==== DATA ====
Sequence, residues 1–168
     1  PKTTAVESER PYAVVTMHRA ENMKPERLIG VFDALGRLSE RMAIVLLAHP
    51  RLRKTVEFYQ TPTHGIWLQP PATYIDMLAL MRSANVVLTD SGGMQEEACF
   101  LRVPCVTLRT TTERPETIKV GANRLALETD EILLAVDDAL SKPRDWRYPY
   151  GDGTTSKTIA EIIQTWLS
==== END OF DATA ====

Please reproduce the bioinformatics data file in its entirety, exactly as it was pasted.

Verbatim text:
Sequence, residues 1–168
     1  PKTTAVESER PYAVVTMHRA ENMKPERLIG VFDALGRLSE RMAIVLLAHP
    51  RLRKTVEFYQ TPTHGIWLQP PATYIDMLAL MRSANVVLTD SGGMQEEACF
   101  LRVPCVTLRT TTERPETIKV GANRLALETD EILLAVDDAL SKPRDWRYPY
   151  GDGTTSKTIA EIIQTWLS